A poetic retelling of Homer which made me realise for the first time what an extraordinary story teller the Greek was. I've read lots of translations of the Illiad. Now, having read Logue's translation, I finally "get it". Logue is not exactly linear in his translation work; I'm hoping he'll fill in the gaps and publish as a single volume soon.
About This Item
Setting down her topaz saucer heaped with nectarine jelly,
Emptying her blood-red mouth—set in her ice-white face—
Teenaged Athena jumped up and shrieked:
"Kill! Kill for me!
Better to die than live without killing!"
Who says prayer does no good?
Christopher Logue's work in progress, his Iliad, has been called "the best translation of Homer since Pope's" (The New York Review of Books). Here in All Day Permanent Red is doomed Hector, the lion, "slam-scattering the herd" at the height of his powers. Here is the Greek army rising with a sound like a "sky-wide Venetian blind." Here is an arrow's tunnel, "the width of a lipstick," through a neck. Like Homer himself, Logue is quick to mix the ancient and the new, because his Troy exists outside time, and no translator has a more Homeric interest in the truth of battle, or in the absurdity and sublimity of war.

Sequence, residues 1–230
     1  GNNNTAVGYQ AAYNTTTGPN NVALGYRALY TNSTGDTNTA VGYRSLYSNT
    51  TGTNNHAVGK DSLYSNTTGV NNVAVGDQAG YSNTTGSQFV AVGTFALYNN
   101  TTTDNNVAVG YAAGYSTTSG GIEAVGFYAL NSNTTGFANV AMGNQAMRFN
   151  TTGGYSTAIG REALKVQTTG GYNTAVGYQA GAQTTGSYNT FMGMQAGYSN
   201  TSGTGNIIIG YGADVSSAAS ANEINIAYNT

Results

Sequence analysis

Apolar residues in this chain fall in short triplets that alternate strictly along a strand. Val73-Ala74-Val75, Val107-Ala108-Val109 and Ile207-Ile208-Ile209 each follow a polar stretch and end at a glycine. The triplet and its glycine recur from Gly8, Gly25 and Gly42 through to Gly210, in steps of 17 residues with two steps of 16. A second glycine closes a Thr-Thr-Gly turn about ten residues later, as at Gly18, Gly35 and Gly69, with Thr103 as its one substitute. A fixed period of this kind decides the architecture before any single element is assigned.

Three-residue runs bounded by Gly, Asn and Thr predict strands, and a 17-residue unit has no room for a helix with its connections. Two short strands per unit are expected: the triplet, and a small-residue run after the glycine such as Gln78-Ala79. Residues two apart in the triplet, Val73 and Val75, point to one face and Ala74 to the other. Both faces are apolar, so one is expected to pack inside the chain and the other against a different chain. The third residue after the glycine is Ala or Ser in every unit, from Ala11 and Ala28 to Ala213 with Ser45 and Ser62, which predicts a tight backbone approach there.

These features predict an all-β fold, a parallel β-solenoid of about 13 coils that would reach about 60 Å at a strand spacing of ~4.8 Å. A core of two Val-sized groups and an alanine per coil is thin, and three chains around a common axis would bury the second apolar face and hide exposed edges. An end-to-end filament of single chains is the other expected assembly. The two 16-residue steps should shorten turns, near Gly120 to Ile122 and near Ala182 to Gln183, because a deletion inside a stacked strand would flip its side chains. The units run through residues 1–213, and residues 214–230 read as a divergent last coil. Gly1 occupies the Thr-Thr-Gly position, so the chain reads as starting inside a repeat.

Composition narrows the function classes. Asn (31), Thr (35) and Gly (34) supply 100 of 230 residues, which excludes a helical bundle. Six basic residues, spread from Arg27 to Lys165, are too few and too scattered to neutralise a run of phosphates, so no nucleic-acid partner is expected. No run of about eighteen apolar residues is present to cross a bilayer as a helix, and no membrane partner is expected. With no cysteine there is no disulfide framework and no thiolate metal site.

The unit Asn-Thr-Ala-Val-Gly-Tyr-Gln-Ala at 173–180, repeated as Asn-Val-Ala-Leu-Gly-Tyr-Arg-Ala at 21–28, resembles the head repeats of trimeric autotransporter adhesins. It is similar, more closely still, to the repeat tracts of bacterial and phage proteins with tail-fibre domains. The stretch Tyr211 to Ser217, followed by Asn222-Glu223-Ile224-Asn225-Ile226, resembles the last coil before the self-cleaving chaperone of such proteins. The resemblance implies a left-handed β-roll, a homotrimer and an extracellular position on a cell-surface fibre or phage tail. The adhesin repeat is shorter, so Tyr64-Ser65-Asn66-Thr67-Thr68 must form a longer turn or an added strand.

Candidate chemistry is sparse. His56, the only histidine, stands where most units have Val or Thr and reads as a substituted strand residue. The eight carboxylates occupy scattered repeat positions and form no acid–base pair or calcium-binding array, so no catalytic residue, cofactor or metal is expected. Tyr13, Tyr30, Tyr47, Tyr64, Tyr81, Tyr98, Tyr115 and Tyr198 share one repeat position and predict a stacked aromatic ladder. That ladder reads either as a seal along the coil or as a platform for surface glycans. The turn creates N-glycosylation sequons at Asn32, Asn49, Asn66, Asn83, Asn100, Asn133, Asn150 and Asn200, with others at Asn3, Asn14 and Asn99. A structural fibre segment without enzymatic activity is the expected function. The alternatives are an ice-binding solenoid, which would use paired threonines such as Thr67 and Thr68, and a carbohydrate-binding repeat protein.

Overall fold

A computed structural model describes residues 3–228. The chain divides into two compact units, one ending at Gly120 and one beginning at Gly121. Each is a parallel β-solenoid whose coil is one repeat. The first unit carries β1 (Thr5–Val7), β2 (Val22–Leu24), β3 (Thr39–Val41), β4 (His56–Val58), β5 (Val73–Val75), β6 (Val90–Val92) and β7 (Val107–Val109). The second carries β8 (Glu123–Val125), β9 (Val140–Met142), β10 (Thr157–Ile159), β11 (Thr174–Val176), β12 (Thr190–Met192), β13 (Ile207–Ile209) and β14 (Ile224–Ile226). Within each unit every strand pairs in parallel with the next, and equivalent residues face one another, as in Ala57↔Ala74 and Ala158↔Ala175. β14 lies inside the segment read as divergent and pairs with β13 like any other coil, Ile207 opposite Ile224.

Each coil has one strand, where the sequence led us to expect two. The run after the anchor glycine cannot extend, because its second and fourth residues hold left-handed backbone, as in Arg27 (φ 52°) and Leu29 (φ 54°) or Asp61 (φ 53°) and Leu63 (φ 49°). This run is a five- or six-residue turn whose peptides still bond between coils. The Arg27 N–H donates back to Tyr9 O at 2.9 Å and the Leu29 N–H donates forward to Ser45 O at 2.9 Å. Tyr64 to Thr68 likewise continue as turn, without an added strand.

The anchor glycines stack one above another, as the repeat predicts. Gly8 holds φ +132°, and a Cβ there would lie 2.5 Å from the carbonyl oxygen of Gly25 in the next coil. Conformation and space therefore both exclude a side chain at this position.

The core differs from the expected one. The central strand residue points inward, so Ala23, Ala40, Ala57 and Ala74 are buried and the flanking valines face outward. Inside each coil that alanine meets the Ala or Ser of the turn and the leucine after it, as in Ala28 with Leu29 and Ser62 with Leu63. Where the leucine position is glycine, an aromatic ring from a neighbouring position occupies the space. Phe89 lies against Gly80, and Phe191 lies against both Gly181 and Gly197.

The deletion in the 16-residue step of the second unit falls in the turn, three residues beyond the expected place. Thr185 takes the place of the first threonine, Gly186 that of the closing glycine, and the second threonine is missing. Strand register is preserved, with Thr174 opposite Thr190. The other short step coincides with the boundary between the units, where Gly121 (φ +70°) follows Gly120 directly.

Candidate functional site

Farrar, Straus and Giroux
|Number of Pages|
All Day Permanent Red - Paperback
|Assembled Product Dimensions (L x W x H)|
8.50 x 5.50 x 0.15 Inches
A poetic retelling of ...
More of Logues retell...
More of Logue's retelling of Homer's The Iliad. Just as brilliant as War Music. The focus of this piece is carnage... mass foot warfare amongst groups of men... random violence in the midst of battle. The verse is compelling, the imagery lasting. In short, breathing life back into an epic.
A beautiful mix of the...
A beautiful mix of the old and anachronistic. Similes are handled very well.
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